What is Meditation?
“It’s what happy and successful people do,” I was told, when I first started learning about meditation and how to do it. The Dalai Lama and other Tibetan Buddhists believe that happiness is the actual goal of most people on earth. But we in the West are brought up with the idea that finding a job, buying a house, getting married and having children are what we should aim for. Yet, while aiming for these goals, and even on reaching them, quite often we feel depressed, dissatisfied, and, yes, unhappy.
Meditation has been around from time immemorial; it was first recorded in written texts from seven thousand years ago in China. While meditation has become linked mainly to Eastern cultures, it is integral to most spiritual paths, and basic to all major religions in some form or another.
Dr Ian Gawler of the Ian Gawler Foundation claimed to have been cured of cancer through meditation and dietary changes. He states that “No matter where in your life you want to see improvement, meditation can help. It does not matter what age you are, your culture or beliefs; meditation is for everyone and can provide you with great benefits, many of which have been scientifically confirmed. This simple, yet powerful mind training tool, can bring long-term improvement to your health, well-being, relationships and career.”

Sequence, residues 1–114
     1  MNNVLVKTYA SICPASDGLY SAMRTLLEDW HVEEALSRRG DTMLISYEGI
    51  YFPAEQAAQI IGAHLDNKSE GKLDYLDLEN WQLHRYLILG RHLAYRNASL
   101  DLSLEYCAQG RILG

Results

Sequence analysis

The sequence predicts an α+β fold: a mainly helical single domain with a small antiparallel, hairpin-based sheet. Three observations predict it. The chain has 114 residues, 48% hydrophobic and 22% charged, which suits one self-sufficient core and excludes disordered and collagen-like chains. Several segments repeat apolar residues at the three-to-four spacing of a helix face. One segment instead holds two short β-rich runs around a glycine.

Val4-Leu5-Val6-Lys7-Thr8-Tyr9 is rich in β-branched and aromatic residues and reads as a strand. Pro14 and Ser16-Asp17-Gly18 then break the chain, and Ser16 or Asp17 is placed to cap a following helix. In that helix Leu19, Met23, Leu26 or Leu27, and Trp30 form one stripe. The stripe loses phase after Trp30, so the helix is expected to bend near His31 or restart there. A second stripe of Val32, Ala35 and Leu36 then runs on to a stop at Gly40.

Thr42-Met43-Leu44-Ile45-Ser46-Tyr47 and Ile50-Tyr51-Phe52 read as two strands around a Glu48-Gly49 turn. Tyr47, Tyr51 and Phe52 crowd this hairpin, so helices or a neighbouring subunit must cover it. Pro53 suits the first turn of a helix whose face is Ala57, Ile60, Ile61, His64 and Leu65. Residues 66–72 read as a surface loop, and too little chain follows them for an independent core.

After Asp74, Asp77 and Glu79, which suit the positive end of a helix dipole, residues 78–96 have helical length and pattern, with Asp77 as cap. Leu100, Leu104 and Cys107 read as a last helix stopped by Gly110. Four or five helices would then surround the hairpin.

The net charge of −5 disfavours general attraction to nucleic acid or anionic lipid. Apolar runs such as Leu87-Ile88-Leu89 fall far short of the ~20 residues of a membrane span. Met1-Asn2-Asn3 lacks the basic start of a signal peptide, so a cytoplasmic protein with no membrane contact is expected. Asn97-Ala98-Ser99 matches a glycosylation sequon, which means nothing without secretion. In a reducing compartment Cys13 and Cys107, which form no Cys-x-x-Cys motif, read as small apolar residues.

Modern doctors, psychologists and psychiatrists recommend “mindfulness meditation” practices as part of stress management skills. These practices are based on the same millenia old Buddhist meditation skills, often stripped of their religious connotations. Research shows that changes take place in the brains of practitioners, even after a short time utilising these methods. Nevertheless, ritual in some form or another, gives structure to these practices and encourages the formation of habits.
How to Meditate
There are many different groups offering many different meditation practices. Here is an article outlining the main different types of meditation.
Simply put, you sit with your back erect, close your eyes, focus on your breath, and practise mindfulness. It takes time and continued practice to learn how to do this easily and comfortably, without being pulled around by speedy, agitated monkey mind which refers to a person’s inability to quieten their thoughts and pacify their minds. Buddhists compare thoughts to clouds moving across the clear background of the sky.
A Simple Meditation
Sit or lie comfortably. You may even want to invest in a meditation chair.
Close your eyes.
- Make no effort to control the breath; simply breathe naturally.
Focus your attention on the breath and on how the body moves with each inhalation and exhalation.
- Focusing on a special sound (om) or on a source of light, such as a candle, are other useful tools.